Wheelchair washer a boon for Rainycrest
The Rainycrest Auxiliary made Darryl Galusha’s Christmas wish came true—buying a wheelchair washer for the long-term care facility that will benefit residents and staff alike.
It was perfect timing from an infection control standpoint, noted Rainycrest’s director of seniors services and administration, who showed off the new equipment to auxiliary members last week.
“It kills everything.”
Galusha said he used one for four years in Kenora and their infection rates were quite low.
“It’s something I wanted to continue here to keep the residents safe,” he remarked.
“It’s used by all the different departments,” he added. “That’s why we put in centrally.
“It’s not just a nursing tool—it’s for maintenance, housekeeping, the kitchen,” Galusha stressed.
“It pays off on everything.”
Although called a wheelchair washer, the device is used to clean much more than those.
“We put all the kitchen carts through it, all of the garbage cans—anything we can put through here will be washed and disinfected,” Galusha said.
“I’m going to wash lawn furniture in there this spring.”
Similar to a large dishwasher, the device washes and dries wheelchairs in a fraction of the time it used to.
“It used to take a nurse 20 minutes to do one wheelchair . . . we can do one in five minutes here,” noted Galusha.
Kayla Caul-Chartier, director of resident care at Rainycrest, has worked with staff to create a schedule so that one staff member can wash 15 wheelchairs in an hour.
“That’s more time for staff to spend with the residents,” reasoned Galusha.
“This will pay for itself in man hours in less than a year.
“From a manpower standpoint, long-term care is historically short-staffed because we just don’t have the funding,” Galusha noted later.
“This is a way to get people back on the floor in short order without being away from direct resident care.”
Prior to acquiring the wheelchair washer, staff had to clean everything by hand.
“I’ve been a nurse for 22 years and I can’t tell you how many hours I’ve spent scrubbing,” Galusha recalled.
“You’re in the tub, you’re in the shower, you have to put rubber boots on and you’re scrubbing to get everything off.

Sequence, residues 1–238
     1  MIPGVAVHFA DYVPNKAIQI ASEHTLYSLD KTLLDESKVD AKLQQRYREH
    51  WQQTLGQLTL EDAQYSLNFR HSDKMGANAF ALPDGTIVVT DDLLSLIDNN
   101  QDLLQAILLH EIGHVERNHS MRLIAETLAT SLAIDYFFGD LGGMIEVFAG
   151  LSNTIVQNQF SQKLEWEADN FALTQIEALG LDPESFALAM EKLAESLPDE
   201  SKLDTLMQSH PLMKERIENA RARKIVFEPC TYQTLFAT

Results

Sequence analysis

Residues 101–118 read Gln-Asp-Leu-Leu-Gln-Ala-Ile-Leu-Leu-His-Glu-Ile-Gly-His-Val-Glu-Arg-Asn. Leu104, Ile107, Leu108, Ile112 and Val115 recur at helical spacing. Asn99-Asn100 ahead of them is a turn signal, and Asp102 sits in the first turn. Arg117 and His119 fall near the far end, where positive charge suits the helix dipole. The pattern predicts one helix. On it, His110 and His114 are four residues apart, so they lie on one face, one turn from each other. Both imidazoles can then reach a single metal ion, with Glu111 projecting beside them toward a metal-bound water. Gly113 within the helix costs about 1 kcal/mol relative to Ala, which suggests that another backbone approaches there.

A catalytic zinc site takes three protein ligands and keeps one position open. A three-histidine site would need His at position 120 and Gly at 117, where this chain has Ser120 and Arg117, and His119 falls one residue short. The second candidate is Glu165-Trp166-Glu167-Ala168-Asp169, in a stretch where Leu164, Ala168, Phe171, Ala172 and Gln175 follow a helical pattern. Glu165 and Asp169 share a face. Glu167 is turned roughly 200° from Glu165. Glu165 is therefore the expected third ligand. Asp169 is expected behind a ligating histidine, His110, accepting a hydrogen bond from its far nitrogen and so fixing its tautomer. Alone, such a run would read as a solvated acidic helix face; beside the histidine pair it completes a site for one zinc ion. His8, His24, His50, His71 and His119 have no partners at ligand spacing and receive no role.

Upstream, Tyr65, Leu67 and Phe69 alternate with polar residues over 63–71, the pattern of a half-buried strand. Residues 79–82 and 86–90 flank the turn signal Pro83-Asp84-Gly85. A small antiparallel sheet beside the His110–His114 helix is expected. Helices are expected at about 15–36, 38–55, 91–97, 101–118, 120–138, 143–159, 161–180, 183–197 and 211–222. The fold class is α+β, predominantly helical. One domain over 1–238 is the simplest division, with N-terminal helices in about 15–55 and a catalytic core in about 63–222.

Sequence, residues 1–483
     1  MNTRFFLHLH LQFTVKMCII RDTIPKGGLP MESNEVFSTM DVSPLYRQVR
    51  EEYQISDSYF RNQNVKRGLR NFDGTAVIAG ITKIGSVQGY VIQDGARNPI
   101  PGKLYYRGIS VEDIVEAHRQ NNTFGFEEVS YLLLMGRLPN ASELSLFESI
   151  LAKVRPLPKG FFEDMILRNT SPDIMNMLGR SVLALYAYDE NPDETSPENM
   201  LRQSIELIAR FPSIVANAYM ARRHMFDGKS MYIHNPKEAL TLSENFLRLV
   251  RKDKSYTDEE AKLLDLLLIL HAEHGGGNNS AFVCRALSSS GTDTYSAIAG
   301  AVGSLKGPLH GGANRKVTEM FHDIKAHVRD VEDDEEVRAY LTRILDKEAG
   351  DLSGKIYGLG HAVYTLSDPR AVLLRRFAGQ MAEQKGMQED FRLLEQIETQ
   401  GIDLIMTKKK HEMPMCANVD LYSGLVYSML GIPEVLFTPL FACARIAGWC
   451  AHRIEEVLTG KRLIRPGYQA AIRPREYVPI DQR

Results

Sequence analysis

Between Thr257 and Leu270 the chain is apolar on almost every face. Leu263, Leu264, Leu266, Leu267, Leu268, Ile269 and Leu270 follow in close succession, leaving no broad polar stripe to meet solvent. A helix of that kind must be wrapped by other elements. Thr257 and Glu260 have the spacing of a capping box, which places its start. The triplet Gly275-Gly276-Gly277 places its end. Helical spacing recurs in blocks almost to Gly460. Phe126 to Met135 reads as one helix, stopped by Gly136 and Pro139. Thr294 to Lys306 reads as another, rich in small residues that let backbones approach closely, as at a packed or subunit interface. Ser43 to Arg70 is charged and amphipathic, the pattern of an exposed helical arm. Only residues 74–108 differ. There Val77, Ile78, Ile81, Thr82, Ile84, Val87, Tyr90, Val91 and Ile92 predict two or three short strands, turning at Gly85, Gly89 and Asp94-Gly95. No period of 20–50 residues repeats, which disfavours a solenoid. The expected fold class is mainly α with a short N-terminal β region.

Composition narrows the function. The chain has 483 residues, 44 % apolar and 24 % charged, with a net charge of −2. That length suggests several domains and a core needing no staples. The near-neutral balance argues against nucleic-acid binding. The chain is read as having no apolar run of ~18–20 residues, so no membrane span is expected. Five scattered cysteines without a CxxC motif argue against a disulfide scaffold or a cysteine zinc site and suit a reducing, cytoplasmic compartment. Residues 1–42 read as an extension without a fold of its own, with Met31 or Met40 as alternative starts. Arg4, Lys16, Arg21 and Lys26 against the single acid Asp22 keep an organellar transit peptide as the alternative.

“I don’t think there should ever be a long-term care home without one,” he stressed.
Auxiliary president June Caul said there’s no doubt the new wheelchair washer will help staff, adding she learned from nutrition manager Dwayne Hunking that prior to now, staff had to scrub food service carts with toothbrushes.
“Imagine the time taken to do all of that,” she remarked.
Caul-Chartier, meanwhile, noted the other challenge with washing everything by hand is some items rust if they’re not dried properly, adding this was a concern with some wheelchairs.
Rainycrest’s maintenance staff built a small loading ramp to make it easy to wheel anything into the washer, said Galusha.
He also said it’s easy to use: just open the door, make sure there’s cleaning solution, close the door, and hit a button. The machine then washes, rinses, and dries whatever it’s cleaned, using 4.5 gallons per cycle.
The wheelchair washer cost about $12,000, which equalled the auxiliary’s total fundraising for 2013.
“This was a huge investment by the auxiliary into the quality of life of all of the residents,” stressed Galusha.
“Not just the residents but all of the staff,” he added. “Can you imagine spending 20 minutes on your hands and knees cleaning these?
“This just goes to show you the dedication the auxiliary has, all the things that they do, all the hard work that they’ve done,” Galusha reiterated.
“They stepped up to the plate and got something like this.
“I gave them a piece of paper and a little talk, and they had the foresight and dedication, and had the belief in me when I rambled on about it,” he remarked, noting it took the auxiliary a whole year of fundraising, and hundreds and hundreds of hours of volunteer work, to buy the machine.
Caul said the need for the wheelchair washer was clear and so the auxiliary decided to make Galusha’s Christmas wish come true.
“That was my e-mail to Darryl—that we were getting him a Christmas present,” she recalled.
“I told him we were spending money to buy it, and lo and behold, it was here just before Christmas,” Caul added.
“That made it even better.”
Galusha said the wheelchair washer arrived Dec. 23, and was set up and operating by the next day.